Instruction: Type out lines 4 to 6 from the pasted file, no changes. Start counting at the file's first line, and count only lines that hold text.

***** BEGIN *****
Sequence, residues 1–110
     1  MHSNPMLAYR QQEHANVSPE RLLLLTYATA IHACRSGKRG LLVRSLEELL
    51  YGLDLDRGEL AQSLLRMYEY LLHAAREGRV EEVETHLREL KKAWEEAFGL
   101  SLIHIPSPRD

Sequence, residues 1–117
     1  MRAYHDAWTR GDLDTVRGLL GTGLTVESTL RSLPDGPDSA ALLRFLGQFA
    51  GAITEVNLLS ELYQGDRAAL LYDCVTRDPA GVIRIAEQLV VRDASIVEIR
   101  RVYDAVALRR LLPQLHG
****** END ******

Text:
   101  SLIHIPSPRD

Sequence, residues 1–117
     1  MRAYHDAWTR GDLDTVRGLL GTGLTVESTL RSLPDGPDSA ALLRFLGQFA